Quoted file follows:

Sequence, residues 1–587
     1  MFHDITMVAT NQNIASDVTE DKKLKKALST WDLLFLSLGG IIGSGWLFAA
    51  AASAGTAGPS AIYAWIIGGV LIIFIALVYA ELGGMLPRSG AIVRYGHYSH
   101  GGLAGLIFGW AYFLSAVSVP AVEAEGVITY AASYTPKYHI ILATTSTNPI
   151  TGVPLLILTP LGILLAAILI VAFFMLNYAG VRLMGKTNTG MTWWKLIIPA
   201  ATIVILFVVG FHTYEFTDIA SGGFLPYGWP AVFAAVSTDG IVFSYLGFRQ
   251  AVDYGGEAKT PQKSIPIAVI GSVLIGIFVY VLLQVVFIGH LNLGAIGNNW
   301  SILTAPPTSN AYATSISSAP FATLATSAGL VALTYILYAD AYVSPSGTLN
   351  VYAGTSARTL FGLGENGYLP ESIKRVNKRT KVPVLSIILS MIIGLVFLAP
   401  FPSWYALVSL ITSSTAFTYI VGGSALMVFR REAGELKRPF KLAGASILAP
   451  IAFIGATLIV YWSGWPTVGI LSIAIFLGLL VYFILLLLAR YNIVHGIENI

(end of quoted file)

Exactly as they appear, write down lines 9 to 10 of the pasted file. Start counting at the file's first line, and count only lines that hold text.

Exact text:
   351  VYAGTSARTL FGLGENGYLP ESIKRVNKRT KVPVLSIILS MIIGLVFLAP
   401  FPSWYALVSL ITSSTAFTYI VGGSALMVFR REAGELKRPF KLAGASILAP